Should The News Media Play Down The Writings Of Mass Killers?


Citing a “conscious copycat effect” in the string of mass killings, from Columbine to Virginia Tech to Newtown, Ct., Ari Schulman, executive editor of the journal The New Atlantis, tells the New York Times that the news media “have been nearly perfect participants” in the “ritualistic response” that incentivizes these horrific episodes. It's past time, he believes, to rethink that and to change it, says Times public editor Margaret Sullivan. Schulman says news reports should pay less attention to writings such as the long statement by California student killer Elliot Rodger, “maybe no more than a passing mention that it exists.”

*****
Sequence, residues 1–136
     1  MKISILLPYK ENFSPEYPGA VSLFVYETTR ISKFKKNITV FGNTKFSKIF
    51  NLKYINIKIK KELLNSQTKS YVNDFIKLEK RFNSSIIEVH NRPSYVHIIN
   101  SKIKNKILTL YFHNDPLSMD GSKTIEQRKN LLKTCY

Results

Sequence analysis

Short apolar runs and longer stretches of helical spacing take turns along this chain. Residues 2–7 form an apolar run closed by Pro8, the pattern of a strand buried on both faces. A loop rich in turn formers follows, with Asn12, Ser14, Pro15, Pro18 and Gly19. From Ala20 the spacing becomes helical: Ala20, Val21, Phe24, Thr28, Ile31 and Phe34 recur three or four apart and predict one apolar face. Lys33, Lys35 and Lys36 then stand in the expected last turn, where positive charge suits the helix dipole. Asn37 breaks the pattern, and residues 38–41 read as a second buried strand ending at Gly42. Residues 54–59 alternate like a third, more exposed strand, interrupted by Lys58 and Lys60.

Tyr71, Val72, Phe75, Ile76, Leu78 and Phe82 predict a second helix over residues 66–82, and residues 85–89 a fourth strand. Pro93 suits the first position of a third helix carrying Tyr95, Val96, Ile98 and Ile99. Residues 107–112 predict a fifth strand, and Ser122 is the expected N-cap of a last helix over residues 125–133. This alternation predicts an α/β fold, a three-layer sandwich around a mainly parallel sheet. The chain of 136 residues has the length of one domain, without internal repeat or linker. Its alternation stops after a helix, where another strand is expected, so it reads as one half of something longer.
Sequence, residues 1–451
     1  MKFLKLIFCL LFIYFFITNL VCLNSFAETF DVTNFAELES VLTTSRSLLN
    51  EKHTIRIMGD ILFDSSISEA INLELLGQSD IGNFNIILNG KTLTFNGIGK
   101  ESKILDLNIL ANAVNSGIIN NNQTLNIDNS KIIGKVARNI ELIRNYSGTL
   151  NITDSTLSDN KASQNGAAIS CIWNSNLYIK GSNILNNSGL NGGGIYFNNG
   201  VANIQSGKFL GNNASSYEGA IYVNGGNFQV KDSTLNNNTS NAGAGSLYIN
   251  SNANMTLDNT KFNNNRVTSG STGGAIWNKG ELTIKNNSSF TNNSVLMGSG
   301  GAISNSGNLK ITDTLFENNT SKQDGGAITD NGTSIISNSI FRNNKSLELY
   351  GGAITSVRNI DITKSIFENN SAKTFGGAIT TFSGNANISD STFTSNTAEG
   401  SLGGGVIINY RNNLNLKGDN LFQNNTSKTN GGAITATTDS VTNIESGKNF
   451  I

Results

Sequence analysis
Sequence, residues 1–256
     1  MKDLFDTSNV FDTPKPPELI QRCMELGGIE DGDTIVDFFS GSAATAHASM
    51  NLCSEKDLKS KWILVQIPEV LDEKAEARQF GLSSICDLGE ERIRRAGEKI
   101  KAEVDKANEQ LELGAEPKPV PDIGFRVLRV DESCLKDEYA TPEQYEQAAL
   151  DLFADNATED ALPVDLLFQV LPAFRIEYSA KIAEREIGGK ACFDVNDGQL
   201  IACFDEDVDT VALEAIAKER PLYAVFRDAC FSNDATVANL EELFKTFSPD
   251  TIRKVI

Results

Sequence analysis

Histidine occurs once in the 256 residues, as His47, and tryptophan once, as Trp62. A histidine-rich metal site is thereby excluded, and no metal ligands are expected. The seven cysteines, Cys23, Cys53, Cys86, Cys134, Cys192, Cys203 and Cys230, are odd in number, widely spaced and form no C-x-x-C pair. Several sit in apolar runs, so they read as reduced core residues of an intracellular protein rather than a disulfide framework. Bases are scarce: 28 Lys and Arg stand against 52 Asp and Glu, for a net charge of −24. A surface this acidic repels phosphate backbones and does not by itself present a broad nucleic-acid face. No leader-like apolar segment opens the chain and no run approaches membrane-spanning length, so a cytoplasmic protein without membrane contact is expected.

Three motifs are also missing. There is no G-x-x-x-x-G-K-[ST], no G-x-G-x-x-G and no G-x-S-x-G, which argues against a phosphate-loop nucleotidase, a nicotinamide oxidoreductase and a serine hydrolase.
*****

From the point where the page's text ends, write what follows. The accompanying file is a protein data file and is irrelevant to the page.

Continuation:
Sullivan says the idea of playing down a killer's “manifesto” is, “at the very least, worth consideration, on a case-by-case basis. We may have no choice but to name the killers, but we are not obligated to provide a platform for every one of their twisted views.” Northeastern University criminologist James Alan Fox expressed a similar view in a post cited last week in Crime and Justice News.

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